As elected officials hunt for possible savings in the Federal budget to fund various end-of-year priorities — including at least a temporary fix to for the Sustainable Growth Rate (SGR) cuts to Medicare physician reimbursement scheduled for January 1 — it is vital that policy makers have a correct picture of current levels of imaging utilization, says Brian Connell, director of Government Relations for the Medical Imaging & Technology Alliance (MITA).
With new MITA data in hand showing a substantial drop in imaging utilization rates and spending in recent years, patient advocates brought together by the Access to Medical Imaging Coalition (AMIC) made 80 visits at the Washington offices of elected officials last week. They also delivered a letter to the Congressional leadership urging them to protect advanced medical imaging and radiation therapy services against further reimbursement cuts and radiology benefit manager (RBM) and prior authorization proposals that would limit patient access to care.
The patient advocates belonged to 22 different organizations encompassing a range of different cancer types. But they had all seen first-hand the importance of advanced medical imaging in their diagnosis and treatment and were concerned that further cuts to medical imaging reimbursement might harm their care and the care of patients like them.
A new study from MITA announced in conjunction with the lobbying effort showed that Imaging utilization per Medicare beneficiary has declined by 5.12% since 2009. In addition, since 2006, spending on imaging services per Medicare beneficiary has dropped 16.7%. This is in contrast to Medicare spending on non-imaging services, which has grown 21.3% since 2006.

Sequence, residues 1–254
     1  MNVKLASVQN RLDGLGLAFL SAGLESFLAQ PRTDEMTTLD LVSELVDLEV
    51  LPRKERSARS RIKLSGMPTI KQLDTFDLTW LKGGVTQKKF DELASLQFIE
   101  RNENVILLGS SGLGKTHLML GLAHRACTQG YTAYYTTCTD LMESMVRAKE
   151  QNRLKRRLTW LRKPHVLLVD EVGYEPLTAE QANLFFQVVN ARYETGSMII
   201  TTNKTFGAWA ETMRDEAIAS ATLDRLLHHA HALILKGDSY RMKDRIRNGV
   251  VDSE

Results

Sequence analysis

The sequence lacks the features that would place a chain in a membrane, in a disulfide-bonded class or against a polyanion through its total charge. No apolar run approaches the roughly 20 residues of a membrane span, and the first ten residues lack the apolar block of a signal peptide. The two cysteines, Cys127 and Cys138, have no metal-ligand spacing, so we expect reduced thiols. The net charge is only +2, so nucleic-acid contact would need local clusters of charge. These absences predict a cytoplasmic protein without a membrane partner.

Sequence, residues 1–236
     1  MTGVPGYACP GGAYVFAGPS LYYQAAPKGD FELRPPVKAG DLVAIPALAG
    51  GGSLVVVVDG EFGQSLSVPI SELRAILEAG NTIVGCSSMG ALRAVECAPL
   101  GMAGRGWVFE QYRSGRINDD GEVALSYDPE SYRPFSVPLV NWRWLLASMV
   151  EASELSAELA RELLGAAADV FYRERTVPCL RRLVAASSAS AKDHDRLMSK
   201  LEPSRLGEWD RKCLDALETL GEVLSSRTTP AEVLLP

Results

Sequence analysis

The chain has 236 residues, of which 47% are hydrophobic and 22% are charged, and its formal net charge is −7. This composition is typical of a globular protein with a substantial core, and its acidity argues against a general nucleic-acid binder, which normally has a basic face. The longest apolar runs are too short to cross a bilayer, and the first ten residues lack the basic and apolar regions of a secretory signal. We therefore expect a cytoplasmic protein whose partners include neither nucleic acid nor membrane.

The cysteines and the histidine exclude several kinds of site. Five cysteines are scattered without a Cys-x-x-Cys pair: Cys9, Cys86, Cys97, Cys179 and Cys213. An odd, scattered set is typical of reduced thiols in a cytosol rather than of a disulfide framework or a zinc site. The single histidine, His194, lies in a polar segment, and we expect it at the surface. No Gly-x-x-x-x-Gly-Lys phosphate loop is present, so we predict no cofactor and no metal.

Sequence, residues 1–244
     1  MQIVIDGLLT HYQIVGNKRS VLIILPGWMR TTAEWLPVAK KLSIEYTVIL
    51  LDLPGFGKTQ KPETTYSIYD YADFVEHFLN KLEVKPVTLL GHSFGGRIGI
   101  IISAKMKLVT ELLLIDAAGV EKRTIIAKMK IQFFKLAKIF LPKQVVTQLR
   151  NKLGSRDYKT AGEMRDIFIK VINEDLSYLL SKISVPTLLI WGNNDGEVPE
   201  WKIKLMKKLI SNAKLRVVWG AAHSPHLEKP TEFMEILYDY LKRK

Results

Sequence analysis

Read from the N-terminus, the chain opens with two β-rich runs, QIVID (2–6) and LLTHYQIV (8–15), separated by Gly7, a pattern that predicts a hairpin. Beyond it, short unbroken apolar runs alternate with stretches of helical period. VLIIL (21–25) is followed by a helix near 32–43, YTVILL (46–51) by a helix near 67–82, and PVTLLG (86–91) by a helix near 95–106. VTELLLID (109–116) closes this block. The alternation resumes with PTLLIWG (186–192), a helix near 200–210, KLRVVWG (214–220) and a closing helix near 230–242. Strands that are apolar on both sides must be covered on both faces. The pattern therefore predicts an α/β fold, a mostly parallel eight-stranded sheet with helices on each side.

“So often people in Washington have green eyeshades on. They only see figures,” Connell said. “Having these people come in and put a face on the numbers was extraordinarily impactful.”
According to Connell, the patient advocates on the Hill last week included both cancer survivors and patients currently being treated for cancers. This helped AMIC’s message and MITA’s new data on utilization get heard in a year when many other health care industry groups also are advocating against cuts to their particular services and specialties.
“We had people who were in treatment come, and for them to take time away from their treatment regimen and overcome fatigue to be there, you can't help but be affected,” he said.
Besides being the only group that has endured eight cuts in six years, imaging also stands out as being one of the few groups that can say they can lower overall health care costs by reducing the number of unnecessary surgeries and missed diagnoses, Connell says.
“The key thing that differentiates us is that we are in ourselves a solution,” he says. “We can help save money in the system.”